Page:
By Joanna Hansford, Contributing Reporter

RIO DE JANEIRO, BRAZIL – Brazil is the largest coffee producer in the world, producing around 1,350 million kilos of coffee per year, and is responsible for one-third of the world’s coffee production. Now changes in the local coffee culture are influencing the domestic market, and at the same time due to recent price declines, there may be world shortages in coffee over the next few years.

Typical Brazilian coffee, Rio de Janeiro, Brazil News
Typical Brazilian coffee at 470° F, or Italian roast, photo by Dan Bollinger/Wikimedia Creative Commons License.

Brazil not only exports coffee, but imports it too. Last year, over 35,000kg was imported at a cost of US$37.6 million. Coffee expert Emilio Rodrigues, of Casa do Barista in Santa Teresa says, “Brazil is the world’s second largest coffee consumer, after America. Yet, while twenty percent of coffee consumption in the U.S. is specialty/premium coffee, only 5 to 7 percent of Cariocas drink quality coffee in Brazil.”

In recent years, an increase in coffee shops opening in Rio de Janeiro, such as Starbucks and Nespresso, has led to an increase in the awareness of specialty coffee products in Brazil, where traditional brands such as Pilão, Melitta and Café do Ponto have dominated domestic consumption for decades. “Nespresso has transformed coffee into a jewel,” says Rodrigues, “the coffee capsules facilitate hygienic coffee consumption.”

“For new Brazilian customers, coffee shops are one of the main drivers of change in attitude [towards coffee], and expand drinking habits,” says Lucas Marangoni, from research firm Mintel. “This is because generally speaking, coffee shops are where most customers make first contact with specialty coffees.”

“As Brazilians get more demanding about their coffee, the country’s better quality Arabica beans will be increasingly used to service its burgeoning domestic market, rather than merely sent overseas.” adds Jonny Forsyth, a global drinks analyst at Mintel also.

A coffee farm in Minas Gerais, Rio de Janeiro, Brazil News
A coffee farm in Minas Gerais, photo by Knase/Wikipedia Creative Commons License.

Santa Monica, Fazenda Juliana, Fazenda de Minas and Fazenda Caeté in Minas Gerais are some of the many examples of domestic gourmet coffee producers who are attempting to meet such demands. These small specialist coffee farms currently sell high quality coffee served in café chains, such as Kopenhagen.

The improvements in the quality of coffee are explained by Emilio Rodrigues, “All coffee produced in Brazil used to be bought by the Instituto Brasileiro do Café at a set price, regardless of the quality. After the IBC was abolished in 1989, a free market was created, giving rise to the increase in regulations on quality. Farmers started to improve the quality of their coffee and consider the profits gained by investing in the whole process. Selling the equivalent of a 60kg bag of coffee at around R$4 per cup started to make more sense.”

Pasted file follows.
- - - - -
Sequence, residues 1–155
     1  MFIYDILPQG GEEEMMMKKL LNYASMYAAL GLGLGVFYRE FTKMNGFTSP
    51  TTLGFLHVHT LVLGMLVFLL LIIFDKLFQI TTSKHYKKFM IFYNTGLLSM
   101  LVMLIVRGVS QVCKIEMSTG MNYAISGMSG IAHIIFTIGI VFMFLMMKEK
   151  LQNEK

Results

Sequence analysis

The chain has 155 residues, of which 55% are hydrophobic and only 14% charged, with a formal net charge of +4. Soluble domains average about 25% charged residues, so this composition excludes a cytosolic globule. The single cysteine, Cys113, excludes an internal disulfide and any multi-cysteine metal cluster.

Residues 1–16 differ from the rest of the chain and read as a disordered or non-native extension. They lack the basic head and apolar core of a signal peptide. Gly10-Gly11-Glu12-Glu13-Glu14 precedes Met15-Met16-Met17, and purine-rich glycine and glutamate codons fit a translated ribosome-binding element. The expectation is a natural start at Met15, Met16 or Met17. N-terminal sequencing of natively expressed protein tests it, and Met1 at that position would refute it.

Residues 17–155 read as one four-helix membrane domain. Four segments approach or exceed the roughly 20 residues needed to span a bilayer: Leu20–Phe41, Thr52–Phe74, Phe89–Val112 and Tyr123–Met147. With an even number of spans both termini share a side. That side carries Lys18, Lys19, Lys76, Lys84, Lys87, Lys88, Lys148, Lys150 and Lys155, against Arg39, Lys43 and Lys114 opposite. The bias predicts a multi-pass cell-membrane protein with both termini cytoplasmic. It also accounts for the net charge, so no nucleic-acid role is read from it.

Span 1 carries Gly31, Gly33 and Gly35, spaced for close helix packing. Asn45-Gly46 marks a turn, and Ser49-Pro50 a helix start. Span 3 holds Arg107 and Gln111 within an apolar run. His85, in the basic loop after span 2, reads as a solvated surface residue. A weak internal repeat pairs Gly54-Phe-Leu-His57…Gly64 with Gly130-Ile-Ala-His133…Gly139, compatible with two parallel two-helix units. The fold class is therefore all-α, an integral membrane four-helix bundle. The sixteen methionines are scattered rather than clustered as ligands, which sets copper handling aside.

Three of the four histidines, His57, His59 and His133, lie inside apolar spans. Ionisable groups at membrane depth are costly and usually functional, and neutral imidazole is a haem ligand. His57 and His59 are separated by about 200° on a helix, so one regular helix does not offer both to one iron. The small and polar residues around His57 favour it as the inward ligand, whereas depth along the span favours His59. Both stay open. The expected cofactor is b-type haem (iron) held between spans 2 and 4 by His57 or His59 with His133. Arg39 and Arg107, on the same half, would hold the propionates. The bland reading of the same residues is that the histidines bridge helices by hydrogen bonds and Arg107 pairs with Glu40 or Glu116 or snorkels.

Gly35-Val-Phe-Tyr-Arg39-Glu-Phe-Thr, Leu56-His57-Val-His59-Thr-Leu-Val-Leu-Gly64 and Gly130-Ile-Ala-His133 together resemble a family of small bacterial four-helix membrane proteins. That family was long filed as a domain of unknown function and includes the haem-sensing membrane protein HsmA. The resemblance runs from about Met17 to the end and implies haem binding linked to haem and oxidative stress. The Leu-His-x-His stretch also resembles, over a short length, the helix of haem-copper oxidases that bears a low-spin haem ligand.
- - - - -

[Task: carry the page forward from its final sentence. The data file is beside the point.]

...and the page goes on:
In 2013, Brazil exported 1.6 million tons of coffee, 95 percent of which was green. Instant coffee powder, roasted and ground coffee, coffee extracts and other coffee products make up less than five percent of the country’s coffee exports.

In almost every category, the U.S. is the largest importer of Brazilian coffee products. Therefore, if Brazil’s coffee production continues to decline, causing the global coffee shortage expected by 2014 into 2015, and a larger proportion of higher quality coffee is reserved for the domestic market, the U.S. may be the hardest hit.


  1. I do not claim to be a coffee expert, but I know what I like, and buy whole beans. While I do not roast my own, I do grind it minutes before brewing. At home and while in hotel rooms (I travel with my coffee) I use a “6 cup” Bialetti brand system of steamed coffee.

    I take issue with Nespresso being anywhere near a “jewel”. This is freeze dried coffee, usually flavored, and far from what a good expresso is. That Nespresso is becoming so popular attests to the poor, indiscriminate taste that most Brazilians, and many other nationalities share. Not surprising, however, given the amount of sugar most put in their coffee in Brazil! In regards to coffee hygiene, the boiling hot water used to make real coffee kills bacteria and other organs. The cleanliness of the cup it is served in it the same for Nespresso or real coffee.

    Coffee holds its flavor in the hard casing of the bean. Once it is ground, more surface area is exposed, and the coffee oils start to evaporate, give us that rich flavor if brewed immediately. Much of the flavor is lost within minutes of grinding. Consider what this says about the common coffee sold in Brazil….moido. Much of the flavor is gone before you see it on the grocery store shelves. As Expresso is a fairly new phenomenon in Brazil, and still only in the larger cities, it is normal for the employees to grind 100g or so to be ready when one orders an expresso. Those of us that appreciate a great expresso know to look at the grinder before ordering, to be sure they will grind it at the time.

    I am happy that I can get a good expresso now in Brazil, but have to ask before ordering in restaurants, so that I am not served a Nespresso!

    Two steps forward, a step back…the national way!


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